Working to a Brief 11: REVIEW

Karl will review every entry for Working to a Brief 11: Cosmetic Swatches, offering constructive criticism and professional advice to help members hone their ability to respond effectively to a commercial-style brief.

Check out Working to a Brief 11: Members' Gallery to see all the images.


  1. Hello Karl, and thank you for your kind comments. I have to say, I was very careless about the brief and wish I hadn’t been. I realized my mistake almost as soon as I handed in the image but by then it was too late. If I had tried to submit a different image, both would be disqualified. Therefore, I decided to wait a couple months to take my medicine, and you had it ready.

    My mistake was not looking at all of the swatch examples you provided before or during the time I spent arranging the makeup. Instead, I relied on my memory of your video and then allowed my focus to drift after making example after example that didn’t look right to me. I finally had something that I liked, and it did resemble a Pollack painting but by then it was hopelessly off-brief.

    Even then, I could have fixed it by simply having another look at your swatch samples. If I had, I would have gone back to my studio and done it again. Instead, after many frustrating attempts to get the makeup to cooperate, I sent it in too quickly.

    Lesson learned,

  2. Lindstrem

    Dear Karl, thank you for your time and valued education, I am a new member, since a few month only and clearly am not a professional. Having watched the replay now, as I have unfortunately missed the live feedback of my photo because it was first up and I came a moment too late – I have to say I don’t understand the feedback at all. Thats not to say that I don’t like the feedback but I literally just don’t get it. How am I going off-brief by creating that face profile? It took me 4 days to get this picture because I had to re-style and re-shoot the entire composition because I first used an eyelash above the eye in the composition, which I then had removed and it screwed my entire picture so I had to redo everything from scratch for the sole purpose of NOT going off-brief as you said not to use any other materials except the actual products itself, liquid, powder and paste. Then seeing you accepting pictures with brushes and lipsticks in them while judging mine to be off-brief is something that I can’t wrap my head around. I stayed 100% within the rules of this brief, I used powder, paste and liquid and produced an appealing image of cosmetic swatches and swirls on a white background, suitable for high-end editorial use… this is my first macro shoot, I never worked manual before and the Lowa lens does not have a correction profile in Lightroom so I send it as is. While I was expecting to be criticised for lighting and sharpness and inconsistent background levels – the last thing I was expecting to hear is that I was going off brief. This is not a rant either, please don’t take this the wrong way but it is paramount for me to understand the limits of my creative decisions, for the upcoming beer brief I will send you the exact replica picture as shown in the brief drawing but for the cosmetic swatches there were no restrictions of how to place a swatch, so as said, I just don’t get it; which is what worries me the most. I have watched the replay 3 times now, its less than one minute out of the 2 hour video and there is not much feedback there to be honest… I would love to hear the issues with the contrast and what to do better, or see you zoom in as on other pictures etc. I guess I was expecting more feedback and mixed with the off-brief comment I am just more confused now than before watching the feedback…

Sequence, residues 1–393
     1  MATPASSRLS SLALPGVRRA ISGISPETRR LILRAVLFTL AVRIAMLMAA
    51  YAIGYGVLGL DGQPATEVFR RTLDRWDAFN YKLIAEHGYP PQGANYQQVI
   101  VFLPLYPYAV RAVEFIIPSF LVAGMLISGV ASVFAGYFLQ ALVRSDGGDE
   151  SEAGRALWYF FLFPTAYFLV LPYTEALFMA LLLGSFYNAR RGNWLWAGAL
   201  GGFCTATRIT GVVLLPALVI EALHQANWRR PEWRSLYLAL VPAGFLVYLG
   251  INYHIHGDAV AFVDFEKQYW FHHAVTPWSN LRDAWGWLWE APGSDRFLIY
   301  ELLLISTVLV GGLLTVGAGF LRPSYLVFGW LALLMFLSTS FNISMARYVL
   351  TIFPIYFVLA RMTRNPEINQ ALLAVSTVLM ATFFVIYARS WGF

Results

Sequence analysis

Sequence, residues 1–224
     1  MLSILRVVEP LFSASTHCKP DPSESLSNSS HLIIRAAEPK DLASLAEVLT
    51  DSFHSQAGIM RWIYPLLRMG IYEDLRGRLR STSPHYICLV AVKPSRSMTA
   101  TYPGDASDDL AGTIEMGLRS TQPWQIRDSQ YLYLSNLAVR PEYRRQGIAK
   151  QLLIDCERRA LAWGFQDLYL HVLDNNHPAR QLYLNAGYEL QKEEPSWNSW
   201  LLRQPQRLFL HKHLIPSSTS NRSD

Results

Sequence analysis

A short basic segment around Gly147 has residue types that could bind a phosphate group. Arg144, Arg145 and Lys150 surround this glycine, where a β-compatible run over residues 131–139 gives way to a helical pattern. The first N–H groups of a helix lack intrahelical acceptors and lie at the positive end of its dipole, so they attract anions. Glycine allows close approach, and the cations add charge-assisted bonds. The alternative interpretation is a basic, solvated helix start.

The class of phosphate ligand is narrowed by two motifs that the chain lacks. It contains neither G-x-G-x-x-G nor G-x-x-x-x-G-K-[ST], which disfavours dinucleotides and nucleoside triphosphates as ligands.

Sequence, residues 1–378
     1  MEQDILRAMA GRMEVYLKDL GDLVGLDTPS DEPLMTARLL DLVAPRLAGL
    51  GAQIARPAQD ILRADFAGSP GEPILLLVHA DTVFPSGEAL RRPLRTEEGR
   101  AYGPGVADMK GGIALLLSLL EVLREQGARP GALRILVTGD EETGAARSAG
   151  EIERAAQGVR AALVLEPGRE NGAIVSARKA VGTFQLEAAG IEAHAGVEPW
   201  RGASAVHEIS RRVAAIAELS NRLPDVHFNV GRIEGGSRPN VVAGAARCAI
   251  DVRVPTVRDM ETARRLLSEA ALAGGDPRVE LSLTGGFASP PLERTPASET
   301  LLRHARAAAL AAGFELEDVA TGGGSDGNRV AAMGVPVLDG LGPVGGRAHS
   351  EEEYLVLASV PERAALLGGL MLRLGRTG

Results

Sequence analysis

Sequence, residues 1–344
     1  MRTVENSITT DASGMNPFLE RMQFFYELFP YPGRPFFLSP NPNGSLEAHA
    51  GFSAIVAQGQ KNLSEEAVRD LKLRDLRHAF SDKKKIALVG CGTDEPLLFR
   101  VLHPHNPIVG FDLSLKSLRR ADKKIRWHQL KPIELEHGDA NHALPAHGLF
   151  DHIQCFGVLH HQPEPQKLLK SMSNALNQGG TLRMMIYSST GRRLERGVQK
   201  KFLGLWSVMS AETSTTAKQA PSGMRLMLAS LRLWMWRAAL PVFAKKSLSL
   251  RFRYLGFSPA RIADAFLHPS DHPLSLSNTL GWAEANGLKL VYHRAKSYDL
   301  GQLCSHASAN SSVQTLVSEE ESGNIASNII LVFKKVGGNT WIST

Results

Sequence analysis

best regards
    Alex Lindstrem

    P.s.: I am truly sorry for being late to the live stream, I am currently in dubai, mixed up the time zones to Europe and got stuck in traffic as 3pm your time is 7pm rush hour here so I just missed the time when you gave your feedback on the first pic, otherwise I would have addressed these questions live in chat.

    1. Hi Alex, we provided this pinterest board as mood boards for the brief: hopefully you had time to watch the whole show as many of the reasons were explained in relation to other images and also why for example Marco Bertolini’s image was the closest to the brief. Although the concept of your image was clever it wouldn’t have been used in high end editorial for cosmetic swatches because it didn’t provide enough depth or contrast as the lighting was relatively flat. There was no bite to the texture or vibrancy from the materials due to the lighting you used. Please study the Pinterest board and identify comparisons between what you produced and what is on the mood boards. It can be very frustrating to spend a long time developing an image and then feel judged that it hasn’t reached your expectations but I’m afraid the viewer never sees the work that goes into an image and as a photographer you have to appreciate the viewer also doesn’t care how much work went into an image. They will either like it and look at it for longer or they won’t look at it for long. Your image holds a viewers attention because of the face created but not for any other reason and that is why it is not a strong enough image regardless of the work it took you to create it. Take a look at the gallery of images on this page at the bottom where all the images are together as a small collage: does your image jump out of this collage more than any of the others? Did the critiques I provided on the other images seem appropriate for the reasons I stated? I am excited about the next brief as it will create many challenges and it will be interesting to see what everyone comes up with.